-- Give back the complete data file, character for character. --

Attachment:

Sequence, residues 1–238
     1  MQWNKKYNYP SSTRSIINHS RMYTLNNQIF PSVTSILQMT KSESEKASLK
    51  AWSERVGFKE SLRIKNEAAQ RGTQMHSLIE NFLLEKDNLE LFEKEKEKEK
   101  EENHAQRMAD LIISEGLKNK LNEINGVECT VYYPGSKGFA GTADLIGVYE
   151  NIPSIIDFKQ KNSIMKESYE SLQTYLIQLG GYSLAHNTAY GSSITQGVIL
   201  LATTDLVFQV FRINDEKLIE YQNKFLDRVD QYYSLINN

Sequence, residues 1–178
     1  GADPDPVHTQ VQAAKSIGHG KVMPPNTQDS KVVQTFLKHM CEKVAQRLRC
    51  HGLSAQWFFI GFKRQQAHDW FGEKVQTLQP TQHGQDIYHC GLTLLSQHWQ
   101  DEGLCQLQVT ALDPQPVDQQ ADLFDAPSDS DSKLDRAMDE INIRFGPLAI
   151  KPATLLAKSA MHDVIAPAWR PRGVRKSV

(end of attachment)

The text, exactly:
Sequence, residues 1–238
     1  MQWNKKYNYP SSTRSIINHS RMYTLNNQIF PSVTSILQMT KSESEKASLK
    51  AWSERVGFKE SLRIKNEAAQ RGTQMHSLIE NFLLEKDNLE LFEKEKEKEK
   101  EENHAQRMAD LIISEGLKNK LNEINGVECT VYYPGSKGFA GTADLIGVYE
   151  NIPSIIDFKQ KNSIMKESYE SLQTYLIQLG GYSLAHNTAY GSSITQGVIL
   201  LATTDLVFQV FRINDEKLIE YQNKFLDRVD QYYSLINN

Sequence, residues 1–178
     1  GADPDPVHTQ VQAAKSIGHG KVMPPNTQDS KVVQTFLKHM CEKVAQRLRC
    51  HGLSAQWFFI GFKRQQAHDW FGEKVQTLQP TQHGQDIYHC GLTLLSQHWQ
   101  DEGLCQLQVT ALDPQPVDQQ ADLFDAPSDS DSKLDRAMDE INIRFGPLAI
   151  KPATLLAKSA MHDVIAPAWR PRGVRKSV